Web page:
MITZVAH HABA'AH B'AVEIRAH
The Tana does not seem to differentiate between the first and second days of Yom Tov regarding a stolen Lulav.
Question: But the Torah singles out the first day for the obligation that the Lulav belong to the user!?
Answer (R. Yochanan citing R. Shimon b. Yochai): Because on all days it is a Mitzvah ha'Ba'ah b'Aveirah.
Malachi connects the stolen offering with the lame and ill offering.
The defect of being stolen does not abate, just as the lame condition of the animal does not pass, even after the owner loses hope (Yiush).
Question: While before Yiush we understand that the offering does not belong to the one bringing it; surely after Yiush it is his!?
Answer: The invalidation must be Mitzvah ha'Ba'ah b'Aveirah.
In a similar vein R. Shimon b. Yochai interprets the Pasuk wherein Hash-m despises theft in an Olah.
Question: Why single out an Olah?
Answer: It is analogous to a King who pays taxes (which come right back to him) so that his servants will not learn to evade taxes; so, too, does Hash-m despise a stolen Olah, so that we might learn to avoid theft.
R. Ami teaches explicitly that the defect of a stolen Lulav is Mitzvah ha'Ba'ah b'Aveirah.
(R. Yitzchak citing Shmuel): One does fulfil one's obligation on the second day of Sukos with a stolen Lulav (since a borrowed Lulav may be used, so, too, a stolen Lulav).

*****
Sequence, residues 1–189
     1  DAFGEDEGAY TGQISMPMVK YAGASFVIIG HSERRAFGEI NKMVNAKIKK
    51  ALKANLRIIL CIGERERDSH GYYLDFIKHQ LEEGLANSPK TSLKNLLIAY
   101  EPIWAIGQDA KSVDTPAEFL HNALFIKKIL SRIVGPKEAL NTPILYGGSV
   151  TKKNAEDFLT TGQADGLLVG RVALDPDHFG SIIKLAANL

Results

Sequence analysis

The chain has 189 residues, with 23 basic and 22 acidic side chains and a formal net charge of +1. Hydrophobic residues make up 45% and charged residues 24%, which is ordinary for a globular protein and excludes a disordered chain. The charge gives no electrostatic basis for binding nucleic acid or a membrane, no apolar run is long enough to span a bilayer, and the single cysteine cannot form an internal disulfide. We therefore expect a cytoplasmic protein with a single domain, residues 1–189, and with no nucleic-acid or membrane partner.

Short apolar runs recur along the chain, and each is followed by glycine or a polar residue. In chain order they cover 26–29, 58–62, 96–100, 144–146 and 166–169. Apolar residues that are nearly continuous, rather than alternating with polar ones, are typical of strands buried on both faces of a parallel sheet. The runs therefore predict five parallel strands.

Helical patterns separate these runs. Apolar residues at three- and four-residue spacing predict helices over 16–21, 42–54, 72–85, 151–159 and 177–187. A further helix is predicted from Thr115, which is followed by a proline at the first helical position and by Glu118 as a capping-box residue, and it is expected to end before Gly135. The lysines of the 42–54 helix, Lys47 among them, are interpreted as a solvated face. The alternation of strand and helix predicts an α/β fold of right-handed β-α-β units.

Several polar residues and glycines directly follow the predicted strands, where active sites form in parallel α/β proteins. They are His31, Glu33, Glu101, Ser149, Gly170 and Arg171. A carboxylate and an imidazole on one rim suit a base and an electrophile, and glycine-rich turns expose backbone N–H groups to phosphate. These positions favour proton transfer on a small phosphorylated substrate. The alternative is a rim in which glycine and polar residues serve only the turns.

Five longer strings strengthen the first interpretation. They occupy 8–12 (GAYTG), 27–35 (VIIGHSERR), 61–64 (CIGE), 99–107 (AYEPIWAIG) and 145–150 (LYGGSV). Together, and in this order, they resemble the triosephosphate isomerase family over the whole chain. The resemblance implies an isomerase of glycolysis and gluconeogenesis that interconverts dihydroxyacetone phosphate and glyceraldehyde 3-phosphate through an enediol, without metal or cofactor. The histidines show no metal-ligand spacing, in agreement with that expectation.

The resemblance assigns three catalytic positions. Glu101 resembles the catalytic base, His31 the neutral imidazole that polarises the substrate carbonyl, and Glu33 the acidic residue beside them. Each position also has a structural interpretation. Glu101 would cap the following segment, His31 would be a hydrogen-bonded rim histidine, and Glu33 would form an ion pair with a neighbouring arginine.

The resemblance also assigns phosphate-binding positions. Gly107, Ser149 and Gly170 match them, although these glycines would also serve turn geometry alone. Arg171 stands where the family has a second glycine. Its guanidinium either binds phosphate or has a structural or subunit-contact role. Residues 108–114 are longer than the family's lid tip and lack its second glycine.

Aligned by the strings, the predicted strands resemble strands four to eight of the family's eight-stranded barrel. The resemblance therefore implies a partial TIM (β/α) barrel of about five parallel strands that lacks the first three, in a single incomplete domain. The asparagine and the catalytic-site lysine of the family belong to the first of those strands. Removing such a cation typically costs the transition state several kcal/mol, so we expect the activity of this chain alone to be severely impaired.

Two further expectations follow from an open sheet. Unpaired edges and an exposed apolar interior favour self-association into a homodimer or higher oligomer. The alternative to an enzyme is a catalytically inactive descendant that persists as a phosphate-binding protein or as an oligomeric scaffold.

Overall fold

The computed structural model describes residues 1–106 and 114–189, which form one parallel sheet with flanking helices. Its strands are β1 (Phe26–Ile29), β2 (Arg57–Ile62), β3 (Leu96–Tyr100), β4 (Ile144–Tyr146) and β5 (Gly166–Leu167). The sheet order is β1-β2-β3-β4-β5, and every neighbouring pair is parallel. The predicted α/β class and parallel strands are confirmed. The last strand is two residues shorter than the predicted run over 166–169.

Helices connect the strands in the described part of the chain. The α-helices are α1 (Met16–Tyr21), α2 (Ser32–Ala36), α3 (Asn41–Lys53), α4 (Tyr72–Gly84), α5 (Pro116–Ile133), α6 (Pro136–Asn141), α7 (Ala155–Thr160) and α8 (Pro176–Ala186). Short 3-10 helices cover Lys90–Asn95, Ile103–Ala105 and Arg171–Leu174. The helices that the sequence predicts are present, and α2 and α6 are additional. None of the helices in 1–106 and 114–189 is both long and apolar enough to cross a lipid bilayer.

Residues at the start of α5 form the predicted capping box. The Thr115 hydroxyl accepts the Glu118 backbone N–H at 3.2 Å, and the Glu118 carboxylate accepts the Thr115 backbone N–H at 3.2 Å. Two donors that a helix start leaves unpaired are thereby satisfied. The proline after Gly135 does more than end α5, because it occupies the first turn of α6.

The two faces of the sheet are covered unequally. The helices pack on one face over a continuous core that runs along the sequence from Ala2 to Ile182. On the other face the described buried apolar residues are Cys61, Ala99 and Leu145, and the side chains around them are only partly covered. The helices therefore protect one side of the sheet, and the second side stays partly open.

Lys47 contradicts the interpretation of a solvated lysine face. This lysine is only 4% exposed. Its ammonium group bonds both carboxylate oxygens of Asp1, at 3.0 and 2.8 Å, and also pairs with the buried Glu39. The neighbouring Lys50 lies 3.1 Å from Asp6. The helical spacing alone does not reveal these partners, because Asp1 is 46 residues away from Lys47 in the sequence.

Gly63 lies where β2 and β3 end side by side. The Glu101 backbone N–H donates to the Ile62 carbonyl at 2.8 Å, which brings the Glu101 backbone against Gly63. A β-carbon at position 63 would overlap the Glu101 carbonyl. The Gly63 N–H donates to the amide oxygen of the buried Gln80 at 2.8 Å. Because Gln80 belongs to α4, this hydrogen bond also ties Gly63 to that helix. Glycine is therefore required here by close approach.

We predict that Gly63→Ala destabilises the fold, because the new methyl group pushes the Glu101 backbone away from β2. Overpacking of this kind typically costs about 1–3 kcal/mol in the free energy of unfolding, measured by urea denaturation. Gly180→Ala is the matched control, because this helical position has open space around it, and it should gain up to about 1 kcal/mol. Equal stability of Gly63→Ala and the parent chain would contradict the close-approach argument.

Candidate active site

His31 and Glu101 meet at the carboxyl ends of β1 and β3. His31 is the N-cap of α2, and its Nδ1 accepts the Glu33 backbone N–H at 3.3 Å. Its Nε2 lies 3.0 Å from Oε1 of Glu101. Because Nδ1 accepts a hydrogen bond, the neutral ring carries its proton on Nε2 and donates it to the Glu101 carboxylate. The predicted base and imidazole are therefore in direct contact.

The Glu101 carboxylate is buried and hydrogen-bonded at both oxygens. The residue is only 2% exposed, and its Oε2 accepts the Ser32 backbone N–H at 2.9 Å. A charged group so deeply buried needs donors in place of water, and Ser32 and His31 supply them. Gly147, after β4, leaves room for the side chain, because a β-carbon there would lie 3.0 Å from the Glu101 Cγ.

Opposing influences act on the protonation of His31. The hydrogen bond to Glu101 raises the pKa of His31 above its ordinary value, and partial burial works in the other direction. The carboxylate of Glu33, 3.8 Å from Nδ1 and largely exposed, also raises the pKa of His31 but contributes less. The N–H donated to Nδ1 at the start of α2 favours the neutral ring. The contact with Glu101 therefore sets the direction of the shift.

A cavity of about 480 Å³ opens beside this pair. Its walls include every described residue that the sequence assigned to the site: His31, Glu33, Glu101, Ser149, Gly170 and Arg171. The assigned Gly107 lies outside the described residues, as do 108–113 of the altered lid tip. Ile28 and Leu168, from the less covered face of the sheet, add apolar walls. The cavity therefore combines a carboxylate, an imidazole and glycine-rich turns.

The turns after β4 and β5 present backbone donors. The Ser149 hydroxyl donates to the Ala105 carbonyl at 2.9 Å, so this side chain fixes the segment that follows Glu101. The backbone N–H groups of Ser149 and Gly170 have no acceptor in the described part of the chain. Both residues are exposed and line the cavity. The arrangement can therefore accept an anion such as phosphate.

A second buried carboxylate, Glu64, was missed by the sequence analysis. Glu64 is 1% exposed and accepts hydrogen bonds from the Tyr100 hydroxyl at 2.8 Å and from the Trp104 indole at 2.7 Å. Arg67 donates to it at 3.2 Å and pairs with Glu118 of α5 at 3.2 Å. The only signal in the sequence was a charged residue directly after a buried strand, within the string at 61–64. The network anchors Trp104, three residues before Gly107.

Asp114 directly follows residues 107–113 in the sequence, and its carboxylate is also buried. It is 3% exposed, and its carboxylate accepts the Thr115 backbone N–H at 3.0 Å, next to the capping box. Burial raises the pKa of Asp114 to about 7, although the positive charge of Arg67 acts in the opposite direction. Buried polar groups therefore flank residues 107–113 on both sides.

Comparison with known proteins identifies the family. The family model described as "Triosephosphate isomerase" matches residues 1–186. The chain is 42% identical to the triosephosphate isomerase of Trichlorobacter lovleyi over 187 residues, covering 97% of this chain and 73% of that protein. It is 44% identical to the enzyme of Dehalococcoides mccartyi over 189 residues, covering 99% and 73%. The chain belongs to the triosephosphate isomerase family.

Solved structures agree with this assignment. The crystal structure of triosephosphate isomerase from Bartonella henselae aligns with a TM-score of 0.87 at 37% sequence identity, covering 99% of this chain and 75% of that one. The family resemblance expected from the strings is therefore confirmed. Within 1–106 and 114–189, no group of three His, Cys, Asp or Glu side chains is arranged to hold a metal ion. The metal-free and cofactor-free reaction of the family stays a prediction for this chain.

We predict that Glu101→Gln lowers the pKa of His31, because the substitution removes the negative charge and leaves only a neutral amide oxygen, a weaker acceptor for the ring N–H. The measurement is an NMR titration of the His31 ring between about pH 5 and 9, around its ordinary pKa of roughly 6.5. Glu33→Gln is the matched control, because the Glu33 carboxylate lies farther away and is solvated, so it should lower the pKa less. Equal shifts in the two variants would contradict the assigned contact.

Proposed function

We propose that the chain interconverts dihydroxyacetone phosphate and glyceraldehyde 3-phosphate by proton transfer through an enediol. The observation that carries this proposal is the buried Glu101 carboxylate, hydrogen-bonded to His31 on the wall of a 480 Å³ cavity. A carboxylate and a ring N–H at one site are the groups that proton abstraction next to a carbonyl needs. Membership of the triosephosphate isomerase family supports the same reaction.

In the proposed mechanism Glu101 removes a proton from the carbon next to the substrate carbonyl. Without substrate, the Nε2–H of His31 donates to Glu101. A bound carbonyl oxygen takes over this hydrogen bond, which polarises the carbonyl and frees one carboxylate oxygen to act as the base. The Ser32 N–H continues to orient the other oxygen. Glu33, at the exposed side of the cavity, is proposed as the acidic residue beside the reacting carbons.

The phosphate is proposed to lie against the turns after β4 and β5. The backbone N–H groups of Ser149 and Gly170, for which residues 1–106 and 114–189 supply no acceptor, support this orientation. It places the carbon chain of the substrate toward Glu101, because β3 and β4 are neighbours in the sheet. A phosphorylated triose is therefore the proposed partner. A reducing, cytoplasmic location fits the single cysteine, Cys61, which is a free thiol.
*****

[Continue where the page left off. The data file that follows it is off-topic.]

Question: But our Mishnah prohibits a stolen Lulav and thus seems to permit a borrowed Lulav!?
This could not be speaking on the first day of Sukos, where the Torah says Lachem (and a borrowed Lulav does not qualify)!
It must be speaking on subsequent days, and, still, a stolen Lulav is Pasul!
Answer (Rava): The Mishnah is speaking on the first day of Yom Tov.
The Mishnah singles out a stolen Lulav not because a borrowed one is permitted.
To the contrary, we would naturally prohibit a borrowed one (which is not Lachem) but we might have permitted a stolen Lulav (by presuming that commonly the owners have lost hope).
METHODS FOR CHANGING OWNERSHIP IN THEFT
R. Huna told the merchants to have the gentile sellers cut the Hadasim (not the merchants).
Question: Why would this be necessary?
Answer: Since the gentile presumably stole the property (perhaps from a Jew).
Since property does not change ownership by theft it may still belong to a Jew.
Having the gentile clip the Hadasim results in the permitted combination of Yiush and change of ownership [Shinui Reshus].
Thus the Yiush takes place in the hands of the gentile, and the Shinui Reshus is into the hands of the merchant.
Question: It should be sufficient that the Yiush takes place as it is clipped by the merchant, and the Shinui Reshus takes place into the hands of the buyer!?
Answer: Indeed, R. Huna was speaking to the merchants about acquiring their own Hadasim from the gentile.
Question: Let Shinui Ma'aseh be sufficient (tying together of the Minim)!?
Answer: R. Huna does not require that they be bound (and even if he does, such a binding does not create Shinui Ma'aseh since it can be readily undone).
Question: Let Shinui Hash-m be sufficient (it was called a Asa [Hadas] and it is now Hoshana)!?
Answer: It was commonly called Hoshana even before it was tied together with the Minim.